“Trend 3: Market Dynamics Demand Regional, Cost-Optimized Supply Chain Configurations: Customer requirements and competitors necessitate regionally tailored supply chains and product offerings. End-to-end supply chain cost optimization will be critical. Survey respondents expect gross margins to increase over the next two years, not from better pricing power but – as is always the case it seems – from further reductions in supply chain costs. Improved globalization of the supply chain and still more outsourcing were viewed as the main two levers to reduce supply chain costs. The chart below is a good one, showing what supply chain related functions are done internally, either at a local or global level, or outsourced, as well as the percent change expected in outsourcing between 2010 and 2012. [Click to enlarge.] But companies with large expectations for savings from outsourcing need to be careful – ‘The majority of respondents report that, while they have achieved substantial material and labor cost reductions through outsourcing, most have yet to see significant reductions in process or management costs,’ the report notes. Leading companies understand the impact of these hidden costs and are taking aggressive steps to identify and manage them, PRTM says.”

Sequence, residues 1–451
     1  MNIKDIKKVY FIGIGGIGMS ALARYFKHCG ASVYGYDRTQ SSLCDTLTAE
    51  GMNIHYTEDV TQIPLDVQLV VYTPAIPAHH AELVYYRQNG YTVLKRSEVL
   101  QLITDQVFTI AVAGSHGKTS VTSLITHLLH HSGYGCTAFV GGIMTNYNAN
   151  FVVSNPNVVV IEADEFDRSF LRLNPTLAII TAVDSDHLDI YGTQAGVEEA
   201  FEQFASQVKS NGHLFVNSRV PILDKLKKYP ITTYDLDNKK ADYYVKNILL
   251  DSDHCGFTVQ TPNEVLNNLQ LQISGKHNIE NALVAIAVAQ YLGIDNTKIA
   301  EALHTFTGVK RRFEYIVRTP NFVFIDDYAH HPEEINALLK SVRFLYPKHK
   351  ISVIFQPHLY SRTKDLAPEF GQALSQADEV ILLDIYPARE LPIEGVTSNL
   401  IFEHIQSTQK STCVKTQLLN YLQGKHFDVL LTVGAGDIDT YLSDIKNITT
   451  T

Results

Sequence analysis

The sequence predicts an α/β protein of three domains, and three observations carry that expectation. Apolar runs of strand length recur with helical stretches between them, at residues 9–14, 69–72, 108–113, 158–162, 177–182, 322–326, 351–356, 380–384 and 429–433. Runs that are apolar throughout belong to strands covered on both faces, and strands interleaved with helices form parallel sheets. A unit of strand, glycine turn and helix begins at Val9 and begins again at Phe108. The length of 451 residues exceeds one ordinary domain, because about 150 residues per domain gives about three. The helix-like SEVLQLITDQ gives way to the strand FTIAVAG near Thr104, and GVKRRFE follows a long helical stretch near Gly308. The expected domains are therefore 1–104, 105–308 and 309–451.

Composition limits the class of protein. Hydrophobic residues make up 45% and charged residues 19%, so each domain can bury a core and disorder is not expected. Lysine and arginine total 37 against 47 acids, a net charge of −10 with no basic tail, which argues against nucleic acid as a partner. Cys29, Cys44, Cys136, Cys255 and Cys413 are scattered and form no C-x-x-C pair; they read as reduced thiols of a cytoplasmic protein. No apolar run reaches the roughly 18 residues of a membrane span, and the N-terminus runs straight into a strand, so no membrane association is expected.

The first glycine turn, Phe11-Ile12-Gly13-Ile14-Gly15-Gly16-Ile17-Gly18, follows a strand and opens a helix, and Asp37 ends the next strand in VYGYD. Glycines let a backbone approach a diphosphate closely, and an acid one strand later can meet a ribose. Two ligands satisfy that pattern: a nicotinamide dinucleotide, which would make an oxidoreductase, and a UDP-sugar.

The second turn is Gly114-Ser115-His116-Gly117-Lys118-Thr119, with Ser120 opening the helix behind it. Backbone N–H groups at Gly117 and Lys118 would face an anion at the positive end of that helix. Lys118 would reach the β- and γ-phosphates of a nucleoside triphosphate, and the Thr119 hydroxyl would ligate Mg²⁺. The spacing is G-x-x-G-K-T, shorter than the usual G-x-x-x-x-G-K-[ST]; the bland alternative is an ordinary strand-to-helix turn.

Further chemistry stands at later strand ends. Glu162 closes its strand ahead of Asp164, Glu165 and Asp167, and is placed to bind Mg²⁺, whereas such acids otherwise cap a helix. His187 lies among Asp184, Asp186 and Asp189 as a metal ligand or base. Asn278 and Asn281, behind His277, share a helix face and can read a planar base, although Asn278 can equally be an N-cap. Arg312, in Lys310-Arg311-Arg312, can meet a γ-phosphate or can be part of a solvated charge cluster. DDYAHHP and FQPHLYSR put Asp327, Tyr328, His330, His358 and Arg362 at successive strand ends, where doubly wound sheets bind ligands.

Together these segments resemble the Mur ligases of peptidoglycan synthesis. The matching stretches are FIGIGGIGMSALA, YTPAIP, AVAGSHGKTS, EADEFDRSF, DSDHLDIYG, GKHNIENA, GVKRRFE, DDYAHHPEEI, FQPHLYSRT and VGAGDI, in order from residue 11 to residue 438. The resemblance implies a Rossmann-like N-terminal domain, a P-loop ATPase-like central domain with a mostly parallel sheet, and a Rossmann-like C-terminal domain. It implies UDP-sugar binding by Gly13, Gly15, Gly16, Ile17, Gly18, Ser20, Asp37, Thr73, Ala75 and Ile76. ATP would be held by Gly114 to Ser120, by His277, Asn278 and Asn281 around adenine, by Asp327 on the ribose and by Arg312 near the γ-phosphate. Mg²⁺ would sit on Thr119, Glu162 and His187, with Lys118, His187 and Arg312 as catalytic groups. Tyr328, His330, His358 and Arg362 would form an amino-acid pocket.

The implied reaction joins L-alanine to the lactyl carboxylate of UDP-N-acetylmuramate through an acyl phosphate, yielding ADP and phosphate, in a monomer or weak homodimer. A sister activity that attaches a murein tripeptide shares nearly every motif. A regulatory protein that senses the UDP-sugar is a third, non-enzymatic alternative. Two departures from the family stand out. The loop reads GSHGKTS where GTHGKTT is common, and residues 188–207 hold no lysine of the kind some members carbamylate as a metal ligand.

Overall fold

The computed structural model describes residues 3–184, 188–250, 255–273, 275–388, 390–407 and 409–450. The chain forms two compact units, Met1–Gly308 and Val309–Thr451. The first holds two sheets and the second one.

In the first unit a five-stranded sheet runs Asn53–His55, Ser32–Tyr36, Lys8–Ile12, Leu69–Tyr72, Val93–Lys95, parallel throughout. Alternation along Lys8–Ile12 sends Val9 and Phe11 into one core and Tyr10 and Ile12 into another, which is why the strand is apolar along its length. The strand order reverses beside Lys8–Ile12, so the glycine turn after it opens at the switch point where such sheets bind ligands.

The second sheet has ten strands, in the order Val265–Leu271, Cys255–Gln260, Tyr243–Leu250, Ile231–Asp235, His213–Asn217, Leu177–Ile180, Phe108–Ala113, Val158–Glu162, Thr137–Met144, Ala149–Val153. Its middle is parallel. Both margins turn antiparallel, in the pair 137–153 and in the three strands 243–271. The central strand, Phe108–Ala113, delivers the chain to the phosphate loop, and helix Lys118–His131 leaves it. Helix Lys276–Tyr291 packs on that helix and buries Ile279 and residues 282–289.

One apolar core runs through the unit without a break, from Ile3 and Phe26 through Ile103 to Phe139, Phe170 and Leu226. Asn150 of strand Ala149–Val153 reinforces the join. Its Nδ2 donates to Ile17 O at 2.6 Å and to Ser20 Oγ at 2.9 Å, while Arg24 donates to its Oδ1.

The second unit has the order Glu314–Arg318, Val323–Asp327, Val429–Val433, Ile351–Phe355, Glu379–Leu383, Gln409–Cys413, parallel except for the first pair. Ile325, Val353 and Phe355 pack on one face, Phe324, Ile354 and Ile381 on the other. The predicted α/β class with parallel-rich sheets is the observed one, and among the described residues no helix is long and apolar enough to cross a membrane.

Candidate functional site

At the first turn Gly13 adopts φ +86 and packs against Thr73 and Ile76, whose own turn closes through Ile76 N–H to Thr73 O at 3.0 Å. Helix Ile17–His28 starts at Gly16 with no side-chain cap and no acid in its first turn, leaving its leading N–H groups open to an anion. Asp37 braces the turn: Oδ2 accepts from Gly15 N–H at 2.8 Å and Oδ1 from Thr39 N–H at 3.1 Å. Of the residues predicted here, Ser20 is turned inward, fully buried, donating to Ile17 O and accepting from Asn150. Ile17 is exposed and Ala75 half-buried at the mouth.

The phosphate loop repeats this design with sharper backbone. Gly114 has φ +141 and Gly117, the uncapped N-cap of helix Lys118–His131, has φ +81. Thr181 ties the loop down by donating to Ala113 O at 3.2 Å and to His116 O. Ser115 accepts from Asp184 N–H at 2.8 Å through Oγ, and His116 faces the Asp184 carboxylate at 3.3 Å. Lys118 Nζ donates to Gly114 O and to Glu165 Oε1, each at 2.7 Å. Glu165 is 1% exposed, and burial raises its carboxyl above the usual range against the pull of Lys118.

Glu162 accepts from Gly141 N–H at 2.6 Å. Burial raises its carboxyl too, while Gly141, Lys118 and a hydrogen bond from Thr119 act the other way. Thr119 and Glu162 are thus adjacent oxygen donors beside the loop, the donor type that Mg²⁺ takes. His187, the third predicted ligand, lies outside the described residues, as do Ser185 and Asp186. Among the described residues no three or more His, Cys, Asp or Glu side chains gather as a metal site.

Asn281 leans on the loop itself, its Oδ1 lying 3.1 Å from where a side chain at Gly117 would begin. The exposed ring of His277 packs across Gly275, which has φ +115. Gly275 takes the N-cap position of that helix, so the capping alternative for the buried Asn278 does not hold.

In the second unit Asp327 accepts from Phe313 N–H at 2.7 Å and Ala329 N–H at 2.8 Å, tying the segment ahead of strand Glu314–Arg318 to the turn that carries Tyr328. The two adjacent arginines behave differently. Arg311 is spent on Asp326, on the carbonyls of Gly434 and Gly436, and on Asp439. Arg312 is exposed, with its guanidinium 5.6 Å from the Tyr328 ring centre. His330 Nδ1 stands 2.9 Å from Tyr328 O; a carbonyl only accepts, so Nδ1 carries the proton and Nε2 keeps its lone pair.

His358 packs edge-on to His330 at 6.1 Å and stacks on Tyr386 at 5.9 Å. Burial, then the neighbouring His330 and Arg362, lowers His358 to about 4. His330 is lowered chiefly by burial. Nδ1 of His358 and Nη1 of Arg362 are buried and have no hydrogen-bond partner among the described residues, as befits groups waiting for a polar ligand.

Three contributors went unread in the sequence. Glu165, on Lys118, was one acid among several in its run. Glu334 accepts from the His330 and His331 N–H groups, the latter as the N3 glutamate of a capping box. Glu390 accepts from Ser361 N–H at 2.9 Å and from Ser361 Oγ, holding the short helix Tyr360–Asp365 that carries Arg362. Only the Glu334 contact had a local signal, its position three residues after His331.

In a post I wrote earlier this year about agricultural trade and the tendency of countries to hoard food when times get tough, I asserted: “There is a saner middle ground between full-on globalization and outright hoarding; and I suspect it will alleviate many of the current concerns. That middle ground will be an increase of regionalization within globalization. Such a course makes sense because it shortens supply lines (and transportation costs), encourages better relations between neighbors, fosters sensible economic clusters, yet maintains the connectivity necessary for the global economy to expand.” The PRTM report only strengthens my views on the subject of regionalization. The next trend involves risk management.